The MOST Theological Collection: Outline of Christology
"II. Jewish Thought on the Preexistence of the Messiah"
Micah 5. 2: "And you, Bethlehem, Ephrathah, you are little to be among the clans of Judah, from you shall come for me one who is to be ruler in Israel, whose origin is from of old, from the days of eternity." The Targum Jonathan on this verse reads: "whose name was spoken from days of old, from the days of eternity." Samson Levey, a major Jewish scholar (The Messiah. An Aramaic Interpretation, Hebrew Union College, Cincinnati, 1974, p. 93) comments that although there does not seem to be a Rabbinic doctrine of a preexistent Messiah, yet the last words of the Hebrew text do tend to suggest such a preexistence.
Malachi 3. 1: "Behold, I send my messenger and he will prepare the way before my face, and the Lord whom you seek will suddenly come to his temple, the messenger of the covenant in whom you delight." R. H. Fuller (The Foundations of New Testament Christology, Chas. Scribner's Sons, NY, 1965, p. 48: The starting point for this expectation is Mal 4:5 f. (Mt. 3:23f. ). In this passage, an editorial note commenting on Mal 3: 1, Elijah appears as the forerunner not of the Messiah but of Yahweh himself... followed by the coming of Yahweh to his temple for the eschatological judgment." Fuller uses the number Mal 4. 5, following some English versions and the Vulgate. The Hebrew has it at 3:23-24. Jesus in Mt 11. 13 used a modified form of the text (by influence of the familiar and similar sounding Ex 23. 20, and makes clear that he is the one, the Messiah, and by implication, is Yahweh Himself.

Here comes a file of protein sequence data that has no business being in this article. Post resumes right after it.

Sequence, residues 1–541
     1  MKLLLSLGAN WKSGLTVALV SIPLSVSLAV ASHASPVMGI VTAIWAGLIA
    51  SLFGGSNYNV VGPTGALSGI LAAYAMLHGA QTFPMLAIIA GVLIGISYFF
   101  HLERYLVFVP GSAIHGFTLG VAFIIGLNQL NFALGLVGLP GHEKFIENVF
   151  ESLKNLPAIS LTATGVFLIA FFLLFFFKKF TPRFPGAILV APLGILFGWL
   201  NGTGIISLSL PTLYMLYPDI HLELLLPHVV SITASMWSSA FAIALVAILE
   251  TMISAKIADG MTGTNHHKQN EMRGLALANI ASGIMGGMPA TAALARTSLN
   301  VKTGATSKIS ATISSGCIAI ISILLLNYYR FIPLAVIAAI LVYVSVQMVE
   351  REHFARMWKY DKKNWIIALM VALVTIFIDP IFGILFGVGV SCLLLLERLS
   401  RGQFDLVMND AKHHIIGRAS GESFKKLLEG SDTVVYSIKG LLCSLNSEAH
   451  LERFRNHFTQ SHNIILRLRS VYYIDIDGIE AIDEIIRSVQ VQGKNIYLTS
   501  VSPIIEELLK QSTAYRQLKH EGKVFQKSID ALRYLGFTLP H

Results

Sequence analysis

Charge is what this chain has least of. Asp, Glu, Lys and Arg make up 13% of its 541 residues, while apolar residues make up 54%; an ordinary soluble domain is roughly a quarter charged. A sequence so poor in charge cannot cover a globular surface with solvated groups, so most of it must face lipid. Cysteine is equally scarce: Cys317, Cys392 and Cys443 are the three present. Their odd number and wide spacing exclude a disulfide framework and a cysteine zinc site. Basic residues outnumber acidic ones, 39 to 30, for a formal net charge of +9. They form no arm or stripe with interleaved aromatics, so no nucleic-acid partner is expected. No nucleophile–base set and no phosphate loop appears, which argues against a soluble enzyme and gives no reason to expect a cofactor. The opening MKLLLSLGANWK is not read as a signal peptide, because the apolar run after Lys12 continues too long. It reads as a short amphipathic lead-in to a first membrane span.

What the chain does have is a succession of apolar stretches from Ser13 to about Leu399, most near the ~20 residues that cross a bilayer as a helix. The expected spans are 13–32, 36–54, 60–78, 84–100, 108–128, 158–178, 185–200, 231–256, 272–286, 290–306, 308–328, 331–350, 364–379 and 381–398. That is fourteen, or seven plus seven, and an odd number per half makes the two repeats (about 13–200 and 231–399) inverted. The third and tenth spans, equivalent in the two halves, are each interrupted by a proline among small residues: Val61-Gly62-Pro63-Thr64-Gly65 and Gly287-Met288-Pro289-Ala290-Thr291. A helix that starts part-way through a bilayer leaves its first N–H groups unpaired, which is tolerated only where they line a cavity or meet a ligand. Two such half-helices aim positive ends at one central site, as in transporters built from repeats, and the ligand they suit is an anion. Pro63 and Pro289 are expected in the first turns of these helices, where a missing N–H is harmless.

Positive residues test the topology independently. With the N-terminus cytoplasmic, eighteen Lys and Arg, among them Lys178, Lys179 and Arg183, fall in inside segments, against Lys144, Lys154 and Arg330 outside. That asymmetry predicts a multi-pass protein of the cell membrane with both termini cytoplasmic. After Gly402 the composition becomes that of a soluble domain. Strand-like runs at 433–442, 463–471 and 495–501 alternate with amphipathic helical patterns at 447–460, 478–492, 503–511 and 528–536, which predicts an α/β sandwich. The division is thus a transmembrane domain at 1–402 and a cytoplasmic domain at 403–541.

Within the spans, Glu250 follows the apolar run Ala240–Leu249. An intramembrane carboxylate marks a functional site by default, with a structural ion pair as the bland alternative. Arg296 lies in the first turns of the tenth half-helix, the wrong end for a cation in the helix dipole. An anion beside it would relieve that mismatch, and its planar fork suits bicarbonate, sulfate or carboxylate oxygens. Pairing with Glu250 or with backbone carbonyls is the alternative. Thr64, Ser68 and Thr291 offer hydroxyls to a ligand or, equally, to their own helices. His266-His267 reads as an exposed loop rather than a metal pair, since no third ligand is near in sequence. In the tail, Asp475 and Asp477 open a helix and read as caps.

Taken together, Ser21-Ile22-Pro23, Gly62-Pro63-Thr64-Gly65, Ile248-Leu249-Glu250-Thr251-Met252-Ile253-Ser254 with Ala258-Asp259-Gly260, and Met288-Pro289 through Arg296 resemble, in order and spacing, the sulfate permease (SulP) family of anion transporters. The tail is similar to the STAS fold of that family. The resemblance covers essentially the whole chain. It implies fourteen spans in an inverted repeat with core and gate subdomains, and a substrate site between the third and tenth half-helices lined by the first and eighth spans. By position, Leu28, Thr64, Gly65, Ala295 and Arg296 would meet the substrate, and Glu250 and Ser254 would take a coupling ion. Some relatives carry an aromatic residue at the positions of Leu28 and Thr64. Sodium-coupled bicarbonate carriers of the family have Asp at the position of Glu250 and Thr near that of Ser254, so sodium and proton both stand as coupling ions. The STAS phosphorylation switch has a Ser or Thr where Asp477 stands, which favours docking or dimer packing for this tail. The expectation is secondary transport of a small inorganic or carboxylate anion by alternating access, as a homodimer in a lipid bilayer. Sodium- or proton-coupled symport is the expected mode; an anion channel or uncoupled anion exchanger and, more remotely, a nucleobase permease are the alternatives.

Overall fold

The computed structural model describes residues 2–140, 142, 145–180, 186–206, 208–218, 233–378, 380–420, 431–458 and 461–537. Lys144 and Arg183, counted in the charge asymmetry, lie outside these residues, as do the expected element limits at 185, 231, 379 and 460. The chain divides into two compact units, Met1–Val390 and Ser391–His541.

First Enoch 48. 1-6 (Charlesworth, Pseudepigrapha I): (p. 35): "... even before the creation of the sun and moon, before the creation of the stars, he was given a name in the presence of the Lord of Spirits... . he was concealed in the presence of (the Lord of Spirits) prior to the creation of the world and for eternity.
(p. 9) Comments by editor of segment, E. Isaac: "The Messiah in 1 Enoch, called the Righteous One, and the Son of Man, is depicted as a preexistent heavenly being who is resplendent and majestic, possesses all dominion, and sits on his throne of glory passing judgment upon all mortals and spiritual beings." And also on p. 9 :"... it is clear that the work originated in Judea and was in use in "Qumran before the beginning of the Christian period."
Babylonian Talmud, Pesahim 4. 4. 54a: "Seven things were created before the creation of the world, namely: Torah, repentance, paradise, gehenna, the throne of majesty, the temple, and the name of the Messiah."
Pesikta Rabati, Piska 33. 6 (775-900 AD). From: W. Braude, Yale Judaica Studies, 18. , 1968, p. 641-43): "You find that at the very beginning of the creation of the world, the king Messiah had already come into being, for he existed in God's thought even before the world was created. But where is the proof that the king Messiah existed from the beginning of God's creation of the world? The proof is in the verse, 'And the spirit of God moved, ' words which identify the king Messiah, of whom it is said, 'And the spirit of the Lord shall rest upon him (Isa 11. 2)."
COMMENTS: 1. As Levey notices, Micah 5 implies preexistence of the Messiah. Mal 3. 1 as used by Jesus implies even divinity. The words of 1 Enoch do state a real preexistence. The Rabbinic texts are at least close. For in Hebrew thought the name at times approaches identification with the person. The naming of things brings them into existence: Is 40. 26. To cut off a person's name means not only death but obliteration of his existence: cf. 1 Sam 24. 22 and Ps 9. 6.
2. We notice that in 1 Enoch the Messiah is called Son of Man.